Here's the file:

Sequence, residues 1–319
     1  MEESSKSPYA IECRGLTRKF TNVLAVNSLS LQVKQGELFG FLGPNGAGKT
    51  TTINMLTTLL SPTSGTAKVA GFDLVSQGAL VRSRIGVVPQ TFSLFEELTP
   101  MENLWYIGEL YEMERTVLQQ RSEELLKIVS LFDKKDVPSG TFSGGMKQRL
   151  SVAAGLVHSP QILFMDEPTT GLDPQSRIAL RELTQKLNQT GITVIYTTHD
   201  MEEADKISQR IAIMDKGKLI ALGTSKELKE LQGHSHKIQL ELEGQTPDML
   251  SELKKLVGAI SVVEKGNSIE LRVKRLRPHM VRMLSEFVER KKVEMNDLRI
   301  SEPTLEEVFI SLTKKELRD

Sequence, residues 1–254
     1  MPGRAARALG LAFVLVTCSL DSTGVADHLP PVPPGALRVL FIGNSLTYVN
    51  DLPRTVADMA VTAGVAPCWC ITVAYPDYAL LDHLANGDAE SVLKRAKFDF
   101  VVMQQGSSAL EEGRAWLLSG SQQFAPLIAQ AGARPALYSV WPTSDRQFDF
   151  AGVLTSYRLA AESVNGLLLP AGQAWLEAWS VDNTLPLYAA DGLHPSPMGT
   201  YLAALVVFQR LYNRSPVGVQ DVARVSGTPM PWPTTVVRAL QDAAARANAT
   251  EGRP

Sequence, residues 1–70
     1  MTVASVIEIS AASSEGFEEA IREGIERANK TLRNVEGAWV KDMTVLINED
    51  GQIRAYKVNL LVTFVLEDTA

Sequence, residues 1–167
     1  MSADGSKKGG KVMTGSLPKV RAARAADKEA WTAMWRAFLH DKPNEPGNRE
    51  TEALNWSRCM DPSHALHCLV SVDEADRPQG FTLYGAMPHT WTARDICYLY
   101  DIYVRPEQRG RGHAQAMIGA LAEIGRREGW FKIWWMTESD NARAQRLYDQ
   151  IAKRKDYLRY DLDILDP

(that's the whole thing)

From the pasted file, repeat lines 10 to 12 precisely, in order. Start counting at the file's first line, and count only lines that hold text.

     1  MPGRAARALG LAFVLVTCSL DSTGVADHLP PVPPGALRVL FIGNSLTYVN
    51  DLPRTVADMA VTAGVAPCWC ITVAYPDYAL LDHLANGDAE SVLKRAKFDF
   101  VVMQQGSSAL EEGRAWLLSG SQQFAPLIAQ AGARPALYSV WPTSDRQFDF